CRTC reviews deluge of new specialty TV apps

Rogers Media gets the green light on nine new channel applications, but George Burger's Crush channel application is rejected.

Horror, health, luxury and romance are among programming options Canadian cable viewers may soon be able to choose from thanks to several new Canadian Radio-television Telecommunications Commission (CRTC) decisions handed down in February.

Among the channels to receive the green light are nine new Category 2 specialty offerings from Rogers.

The channels include Epic TV and Gold, two channels devoted to classic television programming; Puzzle, a channel for fans of horror, thriller, suspense and sci-fi flicks; Luxury Living, a lifestyle channel that will provide viewers with a view of ‘the finer things in life’; a lifestyle net called Contessa aimed at women between ages 25 and 54; The Competition Channel, which will consist entirely of reality TV series, competitions and makeover shows; the amorously themed Ampersand, a channel focused on romance and relationship-related programming; an action/adventure channel called Highwire; and the law-and-order-focused net GGBG.

Other specialty nets to get the green light last month include Airborne Mobile Inc.’s interactive TxT-TV, a channel that aims to inspire viewer participation on a range of topics such as gaming through a moderated platform; and Remstar subsidiary Canada Inc.’s health channel Pure TV.

On Monday, the CRTC approved the pay-per-view channel FreeHD Canada, which will air sports, concerts, feature films and some 3D programming and a Category 2 licence for Asian Television Network International Limited, a 100% Hindi-language specialty network that will air comedy series and feature films.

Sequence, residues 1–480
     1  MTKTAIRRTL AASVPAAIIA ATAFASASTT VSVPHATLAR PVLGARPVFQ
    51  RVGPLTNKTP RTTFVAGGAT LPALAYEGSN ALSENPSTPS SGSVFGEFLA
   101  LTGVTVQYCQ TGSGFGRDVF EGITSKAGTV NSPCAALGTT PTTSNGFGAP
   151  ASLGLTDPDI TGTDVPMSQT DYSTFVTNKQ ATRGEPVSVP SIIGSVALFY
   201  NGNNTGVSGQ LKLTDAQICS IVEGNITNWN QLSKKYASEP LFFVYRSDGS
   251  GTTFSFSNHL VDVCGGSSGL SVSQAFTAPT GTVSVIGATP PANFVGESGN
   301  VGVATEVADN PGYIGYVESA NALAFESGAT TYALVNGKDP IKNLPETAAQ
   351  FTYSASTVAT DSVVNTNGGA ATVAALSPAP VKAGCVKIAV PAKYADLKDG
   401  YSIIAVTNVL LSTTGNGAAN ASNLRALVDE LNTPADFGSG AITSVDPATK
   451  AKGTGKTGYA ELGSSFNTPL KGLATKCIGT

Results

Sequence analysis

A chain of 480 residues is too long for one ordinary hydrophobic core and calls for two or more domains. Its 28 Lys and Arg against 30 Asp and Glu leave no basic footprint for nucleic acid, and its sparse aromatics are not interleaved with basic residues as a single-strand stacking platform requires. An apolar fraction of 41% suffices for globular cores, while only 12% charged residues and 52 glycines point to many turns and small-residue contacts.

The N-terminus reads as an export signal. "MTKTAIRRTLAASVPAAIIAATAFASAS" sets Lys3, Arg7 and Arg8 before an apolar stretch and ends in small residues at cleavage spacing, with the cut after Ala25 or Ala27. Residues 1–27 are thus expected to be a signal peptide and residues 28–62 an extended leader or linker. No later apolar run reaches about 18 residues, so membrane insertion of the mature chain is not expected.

The CRTC did not, however, approve George Burger’s proposed Crush channel, ruling the film channel for an 18-to-34 male demo was too ‘broad’ in mandate to distinguish itself from existing Canadian pay TV channels.

Burger, a former Alliance Communications and Fight Network topper, already faced opposition from Astral Media and Corus Entertainment in proposing a Category 2 digital channel to feature movies aimed at young men.

In their intervention, Astral and Corus argued Crush was ‘too broad and not precise enough to ensure that the service will not be in direct competition with the existing pay movie services or with other existing analogue or Category 1 services,’ the CRTC recounted in its ruling Monday.

In reply, Burger argued the 18-to-34 male demo had ‘sufficiently distinctive criterion’ and would not directly compete with Astral’s The Movie Network or Corus’s Movie Central services.

The regulator sided with Astral and Corus and the principal of genre exclusivity by ruling it could not approve the proposed Crush service ‘as proposed.’

Burger’s proposed Crush channel looks to have failed where Spike TV succeeded in 2005 when the CRTC said the US specialty channel aimed at young American men did not compete with existing Canadian services, including then Canwest Global Communications Corp.’s Men TV channel.

The CRTC concluded Spike TV was a general service aimed at a broad male audience, while Men TV focused on male lifestyle issues, reducing the potential for unfair competition.

Crush, on the other hand, had no such luck as Burger and his movie model failed to distance itself from Astral’s and Corus’s movie channels.